The challenge of engaging with residents on their own doorsteps should not be underestimated. In the last 4 years since the previous Council elections in Brighton & Hove and 5 years since the last General Election, a great deal has changed in the world of cold calling and direct marketing. The number of unwanted telephone calls most of us receive every week from organisations trying to sell their services or scam us out of money or our identity has grown out of all proportion, along with the many phishing emails and despite the environmental cost, junk mail which has not diminished to a discernable extent. On Sunday afternoon I was visited by a team from the Labour Party and to their credit this is the second visit to our street by the Party although apart from one visit by the Greens, it would be easy to assume that this election is a two horse race.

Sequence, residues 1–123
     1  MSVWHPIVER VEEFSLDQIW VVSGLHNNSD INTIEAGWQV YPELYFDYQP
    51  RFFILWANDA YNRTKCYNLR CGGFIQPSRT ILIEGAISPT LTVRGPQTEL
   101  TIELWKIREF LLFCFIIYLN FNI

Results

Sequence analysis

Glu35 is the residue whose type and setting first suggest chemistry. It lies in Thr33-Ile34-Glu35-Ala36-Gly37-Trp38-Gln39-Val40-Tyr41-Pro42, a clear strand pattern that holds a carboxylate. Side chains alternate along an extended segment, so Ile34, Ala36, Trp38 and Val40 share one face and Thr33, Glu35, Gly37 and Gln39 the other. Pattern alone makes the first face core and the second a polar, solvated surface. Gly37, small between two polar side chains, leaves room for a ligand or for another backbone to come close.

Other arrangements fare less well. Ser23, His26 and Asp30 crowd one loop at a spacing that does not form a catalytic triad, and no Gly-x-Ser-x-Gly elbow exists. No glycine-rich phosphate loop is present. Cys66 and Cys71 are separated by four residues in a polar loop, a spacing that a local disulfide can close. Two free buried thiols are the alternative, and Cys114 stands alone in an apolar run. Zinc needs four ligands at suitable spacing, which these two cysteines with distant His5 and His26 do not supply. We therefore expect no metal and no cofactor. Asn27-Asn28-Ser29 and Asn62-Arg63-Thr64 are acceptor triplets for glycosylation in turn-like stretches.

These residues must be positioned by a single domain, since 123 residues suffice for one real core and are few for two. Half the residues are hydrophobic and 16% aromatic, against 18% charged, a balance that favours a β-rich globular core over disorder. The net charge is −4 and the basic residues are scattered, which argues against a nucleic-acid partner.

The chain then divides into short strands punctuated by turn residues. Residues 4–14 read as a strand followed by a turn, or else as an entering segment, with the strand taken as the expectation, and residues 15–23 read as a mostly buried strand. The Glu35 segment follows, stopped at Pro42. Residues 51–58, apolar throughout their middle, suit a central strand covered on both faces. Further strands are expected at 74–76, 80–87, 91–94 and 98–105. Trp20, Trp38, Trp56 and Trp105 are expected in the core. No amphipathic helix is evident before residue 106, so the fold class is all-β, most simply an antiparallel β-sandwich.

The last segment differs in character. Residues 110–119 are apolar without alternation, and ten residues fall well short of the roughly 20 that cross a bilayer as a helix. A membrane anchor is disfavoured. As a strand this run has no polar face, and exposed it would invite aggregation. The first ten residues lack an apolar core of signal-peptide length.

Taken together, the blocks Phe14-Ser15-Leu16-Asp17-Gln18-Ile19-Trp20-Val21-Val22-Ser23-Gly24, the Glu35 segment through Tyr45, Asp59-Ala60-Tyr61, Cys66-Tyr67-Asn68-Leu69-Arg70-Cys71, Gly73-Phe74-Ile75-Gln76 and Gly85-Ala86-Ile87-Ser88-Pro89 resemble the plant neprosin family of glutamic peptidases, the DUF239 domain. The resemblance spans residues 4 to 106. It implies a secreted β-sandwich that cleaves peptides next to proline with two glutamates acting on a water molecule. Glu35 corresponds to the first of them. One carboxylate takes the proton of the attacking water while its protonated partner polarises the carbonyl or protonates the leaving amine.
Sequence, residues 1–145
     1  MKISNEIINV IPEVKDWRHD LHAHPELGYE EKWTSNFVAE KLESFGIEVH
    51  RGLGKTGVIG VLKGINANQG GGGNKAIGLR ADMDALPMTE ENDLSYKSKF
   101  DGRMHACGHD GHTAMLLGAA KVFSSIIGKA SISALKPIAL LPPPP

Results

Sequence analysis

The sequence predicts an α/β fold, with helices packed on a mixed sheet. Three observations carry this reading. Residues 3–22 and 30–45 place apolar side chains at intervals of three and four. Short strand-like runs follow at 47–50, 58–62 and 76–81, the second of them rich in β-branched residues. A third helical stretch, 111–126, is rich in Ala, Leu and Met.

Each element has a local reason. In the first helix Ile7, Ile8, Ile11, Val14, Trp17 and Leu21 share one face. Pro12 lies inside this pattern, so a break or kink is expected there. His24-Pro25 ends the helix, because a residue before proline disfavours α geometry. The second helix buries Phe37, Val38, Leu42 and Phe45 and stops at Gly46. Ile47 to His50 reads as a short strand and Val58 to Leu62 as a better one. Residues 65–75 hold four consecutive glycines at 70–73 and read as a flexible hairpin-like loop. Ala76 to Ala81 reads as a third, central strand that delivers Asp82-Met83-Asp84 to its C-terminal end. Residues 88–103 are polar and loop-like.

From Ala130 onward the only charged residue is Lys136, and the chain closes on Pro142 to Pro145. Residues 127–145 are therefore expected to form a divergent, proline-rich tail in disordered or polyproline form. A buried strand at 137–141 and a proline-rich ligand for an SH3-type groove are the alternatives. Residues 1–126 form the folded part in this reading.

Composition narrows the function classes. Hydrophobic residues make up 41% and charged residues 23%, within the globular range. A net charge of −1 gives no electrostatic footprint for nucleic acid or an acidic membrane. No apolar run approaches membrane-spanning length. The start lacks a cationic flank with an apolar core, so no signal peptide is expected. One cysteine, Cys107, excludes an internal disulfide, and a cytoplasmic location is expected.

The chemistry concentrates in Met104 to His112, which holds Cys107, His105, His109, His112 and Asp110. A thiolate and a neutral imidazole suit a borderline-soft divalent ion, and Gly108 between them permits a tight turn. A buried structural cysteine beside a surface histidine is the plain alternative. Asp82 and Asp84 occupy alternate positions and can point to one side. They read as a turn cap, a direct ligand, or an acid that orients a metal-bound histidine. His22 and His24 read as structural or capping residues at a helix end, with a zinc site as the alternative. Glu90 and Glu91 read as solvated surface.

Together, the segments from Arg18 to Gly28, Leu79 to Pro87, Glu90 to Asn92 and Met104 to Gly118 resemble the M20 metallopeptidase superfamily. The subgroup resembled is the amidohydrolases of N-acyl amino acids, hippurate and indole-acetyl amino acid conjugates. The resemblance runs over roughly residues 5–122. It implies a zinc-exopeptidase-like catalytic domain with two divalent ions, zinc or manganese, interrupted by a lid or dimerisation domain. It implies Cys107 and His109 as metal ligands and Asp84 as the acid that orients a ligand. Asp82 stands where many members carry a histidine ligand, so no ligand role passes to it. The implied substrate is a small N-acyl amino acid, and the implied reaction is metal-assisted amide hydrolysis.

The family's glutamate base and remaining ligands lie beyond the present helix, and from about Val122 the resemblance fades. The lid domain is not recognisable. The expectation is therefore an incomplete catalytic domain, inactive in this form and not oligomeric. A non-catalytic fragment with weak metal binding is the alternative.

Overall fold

Against this backdrop every doorstep conversation is crucial, and as the saying goes we only get one chance to make a first impression. Businesses may present some of the background noise in this context, but the best ones also have found ways to distinguish themselves from the others, particularly those involved in relational selling which is surely the objective of these political parties. My experience from Sunday was mixed. I detected a number of different approaches from the canvassers I met, all of whom presumably wanted to persuade me to vote for their candidates not just in this election but into the future. However each of these canvassers displayed a different approach and different tactics in their endeavour. Within a few minutes I was empathised with, challenged regarding my own views and being persuaded to act in a different way to the stated way in which I intended to behave at the election. All of these approaches are legitimate, but put together they diluted the value of the time the canvassers and I had to spend. It was the end of their canvassing session overall and no doubt they were all tired and despite the comments often displayed on twitter suggesting that they usually meet lots of positive responses, the reality could not have been quite so rosy. The techniques I have learned from attending various sales training seminars and some 25 years of experience in sales leave me wondering if the Parties can hope to succeed using this approach moving forward. I am sure that they would all reject the sort of training I have undertaken over the last 3 decades and to be fair a proportion of it is pretty useless. However understanding how to engage with people in such a challenging environment as the doorway into our homes when we can close the door at any time demands a mixture of instinct and purpose and demands a structured approach which I could not detect overall from my visitors. As I have written before, our political parties have a great deal to gain from greater linkages with small business rather than the big businesses that rely primarily on branding and marketing to sell their products. This sort of face to face relational selling is one of the ways in which the parties could benefit from skills that are evident in every community in the UK, often within small one person businesses. Yet according to the news outlets, the parties appear to want to buy their expertise in from the USA where of course the culture of selling is very different.